Concussion and brain injury as part of the rehabilitation response to trauma

At the #ISPRM2024 congress in Sydney, Professor John Olver delivered a compelling talk on the challenges and advancements in the rehabilitation of concussion and brain injury. In an engaging interview with Edward Lewis, Professor Olver shared valuable insights into this evolving field.

Understanding Concussion in Rehabilitation

“Concussion is an area that’s fairly new for rehabilitation,” Professor Olver explained. He highlighted the complexities and uncertainties surrounding the pathophysiology of concussion. “We don’t know a lot about what actually happens in concussion, why some people get better and others don’t, and why they have persisting symptoms,” he noted. This uncertainty presents a significant learning curve for professionals in the field.

The Evolution of Concussion Management

Professor Olver recounted the establishment of his clinic eight years ago and the progress made since then. He emphasized the importance of consensus statements on concussion, which are updated every few years. “Even with these updates, there isn’t always a lot of literature to back up and provide more information on some of the issues,” he said. This gap in knowledge makes managing symptoms and treatment timelines challenging but also exciting as the field evolves.

Setting Up Effective Rehabilitation Services

When asked about setting up a service to handle the influx of patients with concussion symptoms, Professor Olver stressed the importance of having admission criteria. “We know that we’ve got a lot more success with people that we see early within the first three or even six months,” he said. Early intervention is crucial for reducing symptoms and improving function. However, the increasing number of patients has led to longer waiting lists, making it essential to prioritize resources effectively.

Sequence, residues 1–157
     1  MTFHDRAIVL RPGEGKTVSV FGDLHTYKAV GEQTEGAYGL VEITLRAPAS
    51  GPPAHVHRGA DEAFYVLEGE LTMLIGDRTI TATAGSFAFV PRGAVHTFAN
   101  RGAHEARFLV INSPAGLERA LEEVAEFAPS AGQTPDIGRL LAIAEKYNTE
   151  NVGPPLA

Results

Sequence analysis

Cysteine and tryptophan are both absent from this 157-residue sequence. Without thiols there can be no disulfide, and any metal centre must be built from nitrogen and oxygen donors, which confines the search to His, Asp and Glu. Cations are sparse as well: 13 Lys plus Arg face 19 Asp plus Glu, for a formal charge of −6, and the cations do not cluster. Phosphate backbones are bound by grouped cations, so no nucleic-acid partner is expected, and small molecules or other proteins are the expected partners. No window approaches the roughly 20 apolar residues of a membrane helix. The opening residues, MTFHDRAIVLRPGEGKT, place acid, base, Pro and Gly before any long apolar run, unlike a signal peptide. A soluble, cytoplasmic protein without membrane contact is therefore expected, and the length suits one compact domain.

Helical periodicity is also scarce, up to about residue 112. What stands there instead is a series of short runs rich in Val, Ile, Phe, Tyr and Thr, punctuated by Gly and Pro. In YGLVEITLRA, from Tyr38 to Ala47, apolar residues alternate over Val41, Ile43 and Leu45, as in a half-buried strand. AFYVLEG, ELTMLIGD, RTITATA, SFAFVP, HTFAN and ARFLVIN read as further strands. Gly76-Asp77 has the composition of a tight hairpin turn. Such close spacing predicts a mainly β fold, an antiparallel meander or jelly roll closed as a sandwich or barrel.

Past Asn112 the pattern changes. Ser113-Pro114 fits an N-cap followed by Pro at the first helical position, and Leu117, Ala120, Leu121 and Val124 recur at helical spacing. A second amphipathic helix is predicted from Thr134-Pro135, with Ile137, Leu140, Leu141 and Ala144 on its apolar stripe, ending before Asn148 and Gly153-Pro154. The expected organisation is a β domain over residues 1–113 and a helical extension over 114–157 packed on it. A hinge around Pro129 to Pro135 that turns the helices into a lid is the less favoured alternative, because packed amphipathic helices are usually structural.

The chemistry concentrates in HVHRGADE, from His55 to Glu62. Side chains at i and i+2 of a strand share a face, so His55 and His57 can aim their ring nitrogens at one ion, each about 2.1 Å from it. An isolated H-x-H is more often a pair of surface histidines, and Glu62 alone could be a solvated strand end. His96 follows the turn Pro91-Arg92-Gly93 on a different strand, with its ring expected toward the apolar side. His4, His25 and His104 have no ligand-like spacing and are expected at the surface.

Adapting to the Pandemic with Virtual Rehabilitation

The pandemic forced many healthcare providers to adapt quickly. Professor Olver discussed the use of virtual rehabilitation and telehealth during this period. “We found that even with physiotherapy, you could go through exercises with them on the other end,” he shared. While telehealth proved effective for physiotherapy and initial medical reviews, it was less beneficial for psychological support. Nonetheless, some virtual practices continue to be utilized post-pandemic, enhancing accessibility for patients.

Looking Ahead

Professor Olver’s talk and interview at ISPRM 2024 underscored the dynamic nature of concussion rehabilitation. As the field continues to grow, ongoing research and adaptive strategies will be key to improving patient outcomes.